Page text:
Wednesday, November 5, 2014

Toys vs. the machines

You don’t have to be a gym member to get or stay fit. Working on those bulky weight machines may seem to be the be-all-end-all, but they definitely aren’t the only way to gain strength and better health as well as improve your appearance. Exercise props or “toys” as some of us like to call them, can be just as effective and in some cases more effective. So don’t despair if the gym is not for you for whatever reason!

Before I studied to become a personal trainer and group exercise instructor I relied on weight machines for my resistance training. But when I started training to be a trainer I became better educated about the advantages of toys. I’ve come to use them pretty much exclusively for my own workouts because of their convenience, flexibility and power.
Instead of struggling with machines that are often awkward to adjust, I can custom tailor my workouts and those of my personal training clients as well as my group exercise classes. Another advantage: You get more core work in by tightening and stabilizing your abs and lower back muscles, etc., when doing resistance while sitting on a stability ball or standing.

Exercise toys are extremely inexpensive and portable. You can buy them at many discount or sports stores. Getting a basic set up can cost you less than $50, approximately the price of one month of a gym membership. I use toys all the time when I do in-home training, carrying dumb bells, bands, a weighted ball and ankle weights in a bin and a mat under my arm. Some of my clients invest in their own set of equipment plus some additions, including a stability ball. Having toys on hand makes working out so much more convenient and private. Some of my clients take exercise bands or tubes with them when they travel in case their hotel doesn’t have a fitness center.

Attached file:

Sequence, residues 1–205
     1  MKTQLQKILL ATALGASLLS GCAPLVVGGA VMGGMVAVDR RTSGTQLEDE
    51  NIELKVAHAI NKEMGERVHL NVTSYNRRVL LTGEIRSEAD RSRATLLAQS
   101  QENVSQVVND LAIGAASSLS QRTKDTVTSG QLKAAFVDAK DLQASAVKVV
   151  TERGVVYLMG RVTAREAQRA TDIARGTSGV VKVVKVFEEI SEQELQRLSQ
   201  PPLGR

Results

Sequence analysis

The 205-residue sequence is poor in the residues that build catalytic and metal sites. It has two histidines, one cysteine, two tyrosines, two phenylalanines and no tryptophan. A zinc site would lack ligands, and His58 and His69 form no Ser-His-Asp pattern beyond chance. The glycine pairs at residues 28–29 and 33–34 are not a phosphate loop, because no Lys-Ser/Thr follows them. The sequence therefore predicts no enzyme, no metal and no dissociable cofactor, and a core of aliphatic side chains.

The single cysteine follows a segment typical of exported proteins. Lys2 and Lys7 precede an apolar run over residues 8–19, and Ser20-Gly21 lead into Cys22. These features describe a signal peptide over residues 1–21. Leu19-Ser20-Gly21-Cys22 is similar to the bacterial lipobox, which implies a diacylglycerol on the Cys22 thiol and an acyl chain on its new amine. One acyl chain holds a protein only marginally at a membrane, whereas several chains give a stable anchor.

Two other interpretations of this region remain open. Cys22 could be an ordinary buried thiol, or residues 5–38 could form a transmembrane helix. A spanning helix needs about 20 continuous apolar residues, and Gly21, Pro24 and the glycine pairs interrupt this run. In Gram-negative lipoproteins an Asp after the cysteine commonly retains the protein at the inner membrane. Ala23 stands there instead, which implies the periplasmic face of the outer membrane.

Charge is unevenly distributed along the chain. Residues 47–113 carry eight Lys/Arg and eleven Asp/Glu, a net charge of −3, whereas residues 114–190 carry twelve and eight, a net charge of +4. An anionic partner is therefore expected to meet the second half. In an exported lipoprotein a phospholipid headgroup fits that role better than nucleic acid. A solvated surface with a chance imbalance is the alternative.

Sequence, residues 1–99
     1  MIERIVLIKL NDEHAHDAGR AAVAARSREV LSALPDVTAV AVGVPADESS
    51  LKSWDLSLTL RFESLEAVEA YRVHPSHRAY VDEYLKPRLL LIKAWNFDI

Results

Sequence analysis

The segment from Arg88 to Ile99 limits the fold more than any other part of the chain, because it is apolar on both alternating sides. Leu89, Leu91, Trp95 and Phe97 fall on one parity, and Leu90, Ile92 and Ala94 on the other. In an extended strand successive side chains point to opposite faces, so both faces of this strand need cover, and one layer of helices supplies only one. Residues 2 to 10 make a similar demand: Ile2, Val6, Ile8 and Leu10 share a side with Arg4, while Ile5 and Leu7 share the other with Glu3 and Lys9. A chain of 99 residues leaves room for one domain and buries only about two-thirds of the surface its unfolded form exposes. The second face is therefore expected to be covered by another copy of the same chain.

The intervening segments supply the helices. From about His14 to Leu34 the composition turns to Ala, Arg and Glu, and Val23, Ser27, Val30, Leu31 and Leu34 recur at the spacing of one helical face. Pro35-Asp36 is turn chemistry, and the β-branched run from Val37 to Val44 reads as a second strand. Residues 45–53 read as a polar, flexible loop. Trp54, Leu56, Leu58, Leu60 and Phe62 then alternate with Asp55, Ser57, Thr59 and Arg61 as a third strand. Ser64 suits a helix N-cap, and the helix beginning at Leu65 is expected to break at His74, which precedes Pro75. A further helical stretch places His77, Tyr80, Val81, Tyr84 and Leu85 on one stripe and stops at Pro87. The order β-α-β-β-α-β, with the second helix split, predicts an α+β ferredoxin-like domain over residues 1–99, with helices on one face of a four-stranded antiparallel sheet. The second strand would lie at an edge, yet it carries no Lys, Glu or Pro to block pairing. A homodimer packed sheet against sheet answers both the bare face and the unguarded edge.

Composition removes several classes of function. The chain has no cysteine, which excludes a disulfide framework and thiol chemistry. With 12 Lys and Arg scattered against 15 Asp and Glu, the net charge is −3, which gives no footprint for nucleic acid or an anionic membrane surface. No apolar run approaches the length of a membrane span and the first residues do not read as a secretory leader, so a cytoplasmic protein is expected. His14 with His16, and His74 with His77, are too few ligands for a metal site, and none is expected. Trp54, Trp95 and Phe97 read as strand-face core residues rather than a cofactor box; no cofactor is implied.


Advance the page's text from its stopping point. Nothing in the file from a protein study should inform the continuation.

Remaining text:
I also use toys in my group exercise classes. My students love the variety. Instead of doing two or three sets of the same arm and back exercises on a machine, for example, we vary the sets by training the arms and upper back as well as the core stabilizers first with dumb bells, then with exercise bars and then with tubes.
Afterwards we get down on the mat and really work that core some more! Seated crunches on a machine get awful boring by comparison to Pilates-style body work on the mat.

Don’t get me wrong, I’m not dissing exercise machines. Machines can be valuable for gaining and maintaining strength if you regularly get to the gym. Some of my clients who are gym members prefer them for at least part of their regimen. And if you are exercising without a trainer, machines require less memory work. They often include instructional displays in case you forget how to adjust or use them.
Still, I recommend even those who have access to and enjoy machines to learn how to work with dumb bells, exercise bands and the like whether at the gym, home or when traveling. Toys give you more options and ability to do strength training!